Religion and World Politics provides a short, accessible, and practical introduction to how we can understand the place of religion in world politics in a more comprehensive, contextually relevant way.
Is religion central or irrelevant, positive or negative in world politics today? So much political commentary and analysis focuses on these issues. But these are the wrong questions to be asking. Designed for practitioners, policymakers, and newcomers to the topic of religion and global politics, this book emphasises that religion is not something clear, identifiable, and definable, but is fluid and shifting. Consequently, we need analytical frameworks that help us to make sense of this ever-changing phenomenon. The author presents a critical, intersectional framework for analysing religion and applies this to case studies of three core areas of international relations (IR) analysis: (1) conflict, violence, and security; (2) development and humanitarianism; and (3) human rights, law, and public life. These cases highlight how assumptions about what religion is and does affect policymakers, theorists, and activists. The book demonstrates the damage that has been done through policies and programmes based on unquestioned assumptions and the possibilities and insights to be gained by incorporating the critical study of religion into research, policymaking, and practice.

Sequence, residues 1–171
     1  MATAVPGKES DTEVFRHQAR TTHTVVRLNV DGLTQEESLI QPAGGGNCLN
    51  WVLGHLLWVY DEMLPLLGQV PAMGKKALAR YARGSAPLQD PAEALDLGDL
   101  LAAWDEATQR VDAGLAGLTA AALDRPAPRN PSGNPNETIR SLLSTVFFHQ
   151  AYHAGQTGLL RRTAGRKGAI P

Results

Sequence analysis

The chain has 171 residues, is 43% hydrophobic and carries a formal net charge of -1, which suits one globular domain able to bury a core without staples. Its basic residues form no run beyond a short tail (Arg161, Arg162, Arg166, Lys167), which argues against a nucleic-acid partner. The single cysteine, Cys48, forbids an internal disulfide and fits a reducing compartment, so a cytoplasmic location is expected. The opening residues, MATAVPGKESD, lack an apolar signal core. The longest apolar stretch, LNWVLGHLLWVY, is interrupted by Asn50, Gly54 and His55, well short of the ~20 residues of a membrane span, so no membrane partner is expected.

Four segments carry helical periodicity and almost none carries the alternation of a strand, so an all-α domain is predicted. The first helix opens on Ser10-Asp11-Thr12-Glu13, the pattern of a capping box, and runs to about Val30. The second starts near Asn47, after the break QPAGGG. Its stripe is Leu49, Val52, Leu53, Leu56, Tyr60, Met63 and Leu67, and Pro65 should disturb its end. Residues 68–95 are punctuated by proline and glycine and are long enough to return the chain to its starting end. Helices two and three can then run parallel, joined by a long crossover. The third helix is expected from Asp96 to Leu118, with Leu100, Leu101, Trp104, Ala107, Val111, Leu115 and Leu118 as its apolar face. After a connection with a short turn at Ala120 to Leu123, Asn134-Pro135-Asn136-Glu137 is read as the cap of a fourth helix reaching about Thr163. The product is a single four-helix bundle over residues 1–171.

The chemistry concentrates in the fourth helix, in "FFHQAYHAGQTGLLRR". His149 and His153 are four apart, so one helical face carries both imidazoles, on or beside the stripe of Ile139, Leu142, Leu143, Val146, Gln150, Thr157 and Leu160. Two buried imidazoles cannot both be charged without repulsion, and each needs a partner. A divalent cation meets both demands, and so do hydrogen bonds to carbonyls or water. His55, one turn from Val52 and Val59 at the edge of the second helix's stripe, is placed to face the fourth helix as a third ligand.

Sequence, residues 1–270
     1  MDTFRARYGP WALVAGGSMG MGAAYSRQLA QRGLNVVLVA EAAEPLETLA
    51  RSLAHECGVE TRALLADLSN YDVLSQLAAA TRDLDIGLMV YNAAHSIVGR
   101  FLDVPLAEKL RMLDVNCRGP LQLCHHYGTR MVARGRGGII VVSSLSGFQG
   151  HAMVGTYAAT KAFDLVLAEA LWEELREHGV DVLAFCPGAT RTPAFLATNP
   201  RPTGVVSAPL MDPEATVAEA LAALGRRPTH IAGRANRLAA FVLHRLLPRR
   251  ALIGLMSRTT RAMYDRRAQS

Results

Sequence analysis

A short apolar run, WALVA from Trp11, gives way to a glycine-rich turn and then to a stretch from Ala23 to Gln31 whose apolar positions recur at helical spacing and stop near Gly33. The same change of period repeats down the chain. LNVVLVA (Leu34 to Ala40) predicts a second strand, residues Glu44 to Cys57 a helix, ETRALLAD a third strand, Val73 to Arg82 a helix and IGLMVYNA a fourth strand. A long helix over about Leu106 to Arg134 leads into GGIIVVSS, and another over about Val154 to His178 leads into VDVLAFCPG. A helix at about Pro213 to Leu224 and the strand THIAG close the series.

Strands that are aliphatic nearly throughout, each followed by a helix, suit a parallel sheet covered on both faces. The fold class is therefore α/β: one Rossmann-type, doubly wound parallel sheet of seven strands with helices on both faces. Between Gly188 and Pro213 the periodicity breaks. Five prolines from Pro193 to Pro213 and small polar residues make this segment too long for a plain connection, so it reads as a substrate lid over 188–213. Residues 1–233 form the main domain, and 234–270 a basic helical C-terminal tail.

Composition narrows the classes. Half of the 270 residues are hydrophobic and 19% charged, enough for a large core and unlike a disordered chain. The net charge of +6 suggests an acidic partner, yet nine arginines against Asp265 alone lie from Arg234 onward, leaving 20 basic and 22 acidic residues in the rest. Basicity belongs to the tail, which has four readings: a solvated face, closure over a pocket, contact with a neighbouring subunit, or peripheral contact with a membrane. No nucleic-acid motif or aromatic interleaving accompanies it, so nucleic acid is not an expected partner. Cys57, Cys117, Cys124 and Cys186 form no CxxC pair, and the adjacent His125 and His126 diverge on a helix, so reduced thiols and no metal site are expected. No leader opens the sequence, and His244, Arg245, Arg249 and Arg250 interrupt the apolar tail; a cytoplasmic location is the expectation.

This book will be of great interest to students of global politics, IR, religion, and security studies, as well as diplomats, civil servants, policymakers, journalists, and civil society practitioners. It will also benefit IR scholars interested in developing their research to include religion, as well as scholars of religion from disciplines outside IR interested in a deeper understanding of religion and world politics.
The Open Access version of this book, available at www.taylorfrancis.com, has been made available under a Creative Commons Attribution-Non Commercial-No Derivatives 4.0 license. Thanks to the support of libraries working with Knowledge Unlatched www.knowledgeunlatched.org